Voters were wracked with nervous energy. Katie Whelan, a high school history teacher from New Jersey, crossed the Pennsylvania border to knock on doors over the weekend for Mr. Biden in the key battleground. The previous night, she said, she had awakened from a panic dream involving Hillary Clinton and the dread of falling just short at the ballot box. “She was like, ‘Honey, I’ve been there,’” Ms. Whelan recalled Mrs. Clinton telling her in the dream.
Adding to her anxiety, Ms. Whelan could not tell if the nightmare was set in 2016 or 2020. “I stood over the sink and drank three pints of water,” Ms. Whelan said. “And I said to myself, ‘I better get canvassing.’”
For Mr. Trump and Mr. Biden, their final events on the last full day of 2020 campaigning offered as stark a display of their differences as anything they said.
Seeking to project a sense of normalcy even as infection caseloads surge, Mr. Trump flouted public health guidelines with a slate of large rallies in North Carolina, Pennsylvania, Michigan and Wisconsin, and even made a winking nod to firing the country’s top infectious disease expert, Dr. Anthony S. Fauci, should he win another term, in a Florida rally that lasted past midnight on Sunday.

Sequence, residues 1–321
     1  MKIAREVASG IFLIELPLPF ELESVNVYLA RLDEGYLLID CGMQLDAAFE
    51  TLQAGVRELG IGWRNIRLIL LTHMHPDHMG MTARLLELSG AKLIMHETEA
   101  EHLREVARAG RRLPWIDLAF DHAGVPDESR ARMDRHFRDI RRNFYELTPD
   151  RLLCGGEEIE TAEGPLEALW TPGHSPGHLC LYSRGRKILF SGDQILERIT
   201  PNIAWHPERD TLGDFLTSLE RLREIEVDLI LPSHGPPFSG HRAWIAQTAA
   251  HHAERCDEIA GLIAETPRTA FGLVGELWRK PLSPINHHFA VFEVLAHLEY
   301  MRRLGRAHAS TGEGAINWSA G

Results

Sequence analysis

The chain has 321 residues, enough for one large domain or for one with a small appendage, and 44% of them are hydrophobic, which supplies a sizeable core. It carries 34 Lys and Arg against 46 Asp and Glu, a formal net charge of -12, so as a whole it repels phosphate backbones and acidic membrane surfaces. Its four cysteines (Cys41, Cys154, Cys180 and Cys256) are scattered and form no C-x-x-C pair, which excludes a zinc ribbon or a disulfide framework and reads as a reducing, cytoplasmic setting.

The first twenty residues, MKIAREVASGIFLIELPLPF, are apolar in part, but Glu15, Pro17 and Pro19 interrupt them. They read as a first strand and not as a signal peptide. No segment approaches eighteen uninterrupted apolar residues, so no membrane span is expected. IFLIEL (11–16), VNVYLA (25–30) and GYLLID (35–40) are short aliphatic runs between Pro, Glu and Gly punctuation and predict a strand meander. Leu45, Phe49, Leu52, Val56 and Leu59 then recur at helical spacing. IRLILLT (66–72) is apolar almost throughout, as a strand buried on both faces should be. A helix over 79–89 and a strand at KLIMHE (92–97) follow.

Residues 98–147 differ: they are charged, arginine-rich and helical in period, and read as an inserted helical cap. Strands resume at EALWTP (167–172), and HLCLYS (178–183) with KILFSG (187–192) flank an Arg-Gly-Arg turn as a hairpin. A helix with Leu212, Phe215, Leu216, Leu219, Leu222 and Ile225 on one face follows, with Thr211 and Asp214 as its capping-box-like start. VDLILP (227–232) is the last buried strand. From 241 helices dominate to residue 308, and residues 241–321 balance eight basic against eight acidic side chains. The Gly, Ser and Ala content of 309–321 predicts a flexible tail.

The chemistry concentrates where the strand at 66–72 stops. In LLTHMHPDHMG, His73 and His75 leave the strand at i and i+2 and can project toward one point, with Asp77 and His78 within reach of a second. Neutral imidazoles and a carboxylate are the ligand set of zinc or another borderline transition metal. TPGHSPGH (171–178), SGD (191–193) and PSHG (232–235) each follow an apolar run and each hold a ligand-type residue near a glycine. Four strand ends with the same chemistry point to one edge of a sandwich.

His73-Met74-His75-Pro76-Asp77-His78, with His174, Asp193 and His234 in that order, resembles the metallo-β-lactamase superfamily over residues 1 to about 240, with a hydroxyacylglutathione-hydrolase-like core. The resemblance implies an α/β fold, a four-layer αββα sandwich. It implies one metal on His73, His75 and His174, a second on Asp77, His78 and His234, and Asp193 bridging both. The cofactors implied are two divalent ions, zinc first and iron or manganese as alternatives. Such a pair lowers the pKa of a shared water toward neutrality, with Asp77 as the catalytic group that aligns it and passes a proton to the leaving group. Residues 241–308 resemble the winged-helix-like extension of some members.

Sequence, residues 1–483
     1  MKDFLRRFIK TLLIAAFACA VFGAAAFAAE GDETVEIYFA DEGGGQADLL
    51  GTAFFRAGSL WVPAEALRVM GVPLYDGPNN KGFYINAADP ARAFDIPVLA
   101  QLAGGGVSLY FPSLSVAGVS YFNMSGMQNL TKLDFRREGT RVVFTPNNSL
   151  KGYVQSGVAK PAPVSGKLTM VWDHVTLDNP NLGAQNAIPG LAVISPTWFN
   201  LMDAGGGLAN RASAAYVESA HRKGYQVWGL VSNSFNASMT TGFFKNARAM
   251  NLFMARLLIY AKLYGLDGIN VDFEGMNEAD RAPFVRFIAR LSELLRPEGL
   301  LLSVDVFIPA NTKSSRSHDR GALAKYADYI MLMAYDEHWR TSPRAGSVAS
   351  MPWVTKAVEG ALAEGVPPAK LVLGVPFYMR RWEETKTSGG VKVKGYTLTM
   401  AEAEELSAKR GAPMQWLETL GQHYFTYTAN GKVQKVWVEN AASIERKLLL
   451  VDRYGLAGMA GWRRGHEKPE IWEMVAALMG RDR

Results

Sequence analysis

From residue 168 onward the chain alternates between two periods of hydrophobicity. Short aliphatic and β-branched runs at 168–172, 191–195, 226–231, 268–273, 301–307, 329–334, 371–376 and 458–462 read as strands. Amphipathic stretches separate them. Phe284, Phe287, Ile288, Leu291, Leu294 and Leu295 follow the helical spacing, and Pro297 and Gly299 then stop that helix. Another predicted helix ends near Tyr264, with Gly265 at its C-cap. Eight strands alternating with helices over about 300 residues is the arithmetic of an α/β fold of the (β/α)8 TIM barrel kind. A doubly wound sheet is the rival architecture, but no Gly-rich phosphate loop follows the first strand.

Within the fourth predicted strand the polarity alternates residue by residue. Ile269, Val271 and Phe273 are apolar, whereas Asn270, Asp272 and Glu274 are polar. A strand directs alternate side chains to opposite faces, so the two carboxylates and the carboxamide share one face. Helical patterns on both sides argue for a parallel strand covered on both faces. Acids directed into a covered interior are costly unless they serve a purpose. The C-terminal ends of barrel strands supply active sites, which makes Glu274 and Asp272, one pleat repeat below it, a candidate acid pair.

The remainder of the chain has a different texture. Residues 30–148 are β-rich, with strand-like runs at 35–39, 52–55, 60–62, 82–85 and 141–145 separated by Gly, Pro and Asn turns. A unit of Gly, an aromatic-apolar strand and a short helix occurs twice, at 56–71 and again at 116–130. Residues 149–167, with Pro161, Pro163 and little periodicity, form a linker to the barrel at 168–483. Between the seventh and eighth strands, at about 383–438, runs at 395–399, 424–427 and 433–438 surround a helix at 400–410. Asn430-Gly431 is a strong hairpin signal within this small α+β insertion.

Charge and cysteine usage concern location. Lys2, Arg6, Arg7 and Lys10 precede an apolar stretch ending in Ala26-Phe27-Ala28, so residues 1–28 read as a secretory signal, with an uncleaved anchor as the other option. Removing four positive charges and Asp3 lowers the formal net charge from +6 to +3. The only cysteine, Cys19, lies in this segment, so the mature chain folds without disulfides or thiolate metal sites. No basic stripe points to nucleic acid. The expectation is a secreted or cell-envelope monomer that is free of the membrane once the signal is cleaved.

In Ohio and Pennsylvania, Mr. Biden argued there could be no return to routine until the virus was under control and his itinerary of socially distanced, drive-in rallies — “Honk if you agree with me!” he shouted in Cleveland — served a visual expression of his sober approach. Mr. Biden, the former vice president, cast race as a referendum on Mr. Trump’s stewardship of a pandemic that has infected more than nine million people in the United States and cost more than 230,000 lives.
“The first step to beating the virus is beating Donald Trump,” Mr. Biden declared, adding, “The power to change the country is in your hands.”